This year, as part of its coverage of the 2023 Edinburgh Festival Fringe, Playbill invited two artists performing their shows at the Fringe to write down their reflections. These artists first perform their works in New York City, and then again abroad—and Playbill is asking for a behind-the-scenes look before and after their Edinburgh run. This entry is from Kayla Boye, whose show Call Me Elizabeth, where she plays Elizabeth Taylor, ran in Edinburgh August 22–26. Read Boye's previous entry about how she created her show here. Below, Boye reflects on what she learned from her first (and likely not last) Edinburgh Fringe.
Our taxi driver sped toward the airport, minding the winding cobblestone streets of Old Town Edinburgh with experienced ease. I peered through the dim dawning light, my eyes still heavy with sleep. A gentle morning breeze blew a few crumpled handbills haphazardly across the deserted Grassmarket. The Royal Mile, which was bursting yesterday with throngs of jostling tourists and artists, now sat quiet and empty. The city exhaled: the 2023 Edinburgh Festival Fringe had come to a close.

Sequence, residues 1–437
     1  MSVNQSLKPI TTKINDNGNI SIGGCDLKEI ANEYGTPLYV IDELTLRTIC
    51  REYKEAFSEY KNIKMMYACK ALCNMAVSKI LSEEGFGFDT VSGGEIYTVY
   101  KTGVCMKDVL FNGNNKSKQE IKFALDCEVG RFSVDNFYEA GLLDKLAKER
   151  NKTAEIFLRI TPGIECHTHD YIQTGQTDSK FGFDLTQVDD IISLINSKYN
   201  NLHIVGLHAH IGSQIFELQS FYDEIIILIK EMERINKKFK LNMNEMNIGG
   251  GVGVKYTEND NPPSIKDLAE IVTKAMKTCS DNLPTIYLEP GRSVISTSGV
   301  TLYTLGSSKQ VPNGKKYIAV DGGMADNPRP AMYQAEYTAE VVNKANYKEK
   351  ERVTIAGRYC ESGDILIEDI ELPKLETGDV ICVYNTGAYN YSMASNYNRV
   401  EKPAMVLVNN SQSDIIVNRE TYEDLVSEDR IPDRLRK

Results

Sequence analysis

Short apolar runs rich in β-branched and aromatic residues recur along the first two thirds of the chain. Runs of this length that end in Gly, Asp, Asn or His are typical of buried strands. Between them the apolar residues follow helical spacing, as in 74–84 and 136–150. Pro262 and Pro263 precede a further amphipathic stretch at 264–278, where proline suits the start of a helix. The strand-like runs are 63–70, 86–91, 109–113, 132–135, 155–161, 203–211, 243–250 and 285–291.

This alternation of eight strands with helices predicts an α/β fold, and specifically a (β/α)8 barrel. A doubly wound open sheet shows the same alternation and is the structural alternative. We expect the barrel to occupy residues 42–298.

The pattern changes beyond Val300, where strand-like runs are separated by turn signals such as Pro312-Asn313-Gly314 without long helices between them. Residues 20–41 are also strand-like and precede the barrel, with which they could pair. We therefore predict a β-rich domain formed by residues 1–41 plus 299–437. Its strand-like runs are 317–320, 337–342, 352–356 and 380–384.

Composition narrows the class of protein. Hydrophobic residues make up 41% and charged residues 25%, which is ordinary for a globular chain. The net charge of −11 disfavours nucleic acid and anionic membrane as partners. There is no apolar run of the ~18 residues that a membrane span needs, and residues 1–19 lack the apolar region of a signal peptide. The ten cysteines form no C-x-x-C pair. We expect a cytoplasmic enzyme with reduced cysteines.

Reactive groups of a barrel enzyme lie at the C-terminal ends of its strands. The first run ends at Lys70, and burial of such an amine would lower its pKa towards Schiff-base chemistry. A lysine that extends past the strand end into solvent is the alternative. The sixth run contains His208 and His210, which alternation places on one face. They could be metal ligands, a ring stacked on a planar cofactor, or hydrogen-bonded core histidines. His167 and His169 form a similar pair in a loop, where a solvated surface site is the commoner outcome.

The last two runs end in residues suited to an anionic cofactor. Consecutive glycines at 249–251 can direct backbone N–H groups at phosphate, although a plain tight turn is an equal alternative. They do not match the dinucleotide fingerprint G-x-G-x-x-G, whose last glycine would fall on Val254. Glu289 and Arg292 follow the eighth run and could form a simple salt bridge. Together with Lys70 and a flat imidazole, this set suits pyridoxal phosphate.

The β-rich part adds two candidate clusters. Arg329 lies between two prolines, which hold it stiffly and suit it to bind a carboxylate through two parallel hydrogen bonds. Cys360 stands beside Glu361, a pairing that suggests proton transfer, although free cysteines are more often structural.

When I breathlessly arrived at our fifth-floor Airbnb walk-up apartment seven days ago, I could have never anticipated the events that were to unfold at my first Edinburgh Festival Fringe. Call Me Elizabeth, my one-woman show about the early life of Elizabeth Taylor, had premiered during the pandemic through the 2021 virtual Fringe. It had toured the United States through successful engagements in Los Angeles, Chicago, and New York. But playing the Fringe is a whole other matter; for a self-producing solo artist, it represents the most rigorous test of endurance, adaptability, and efficiency. If all goes well, it can be one of the most exhilarating, rewarding experiences of your career.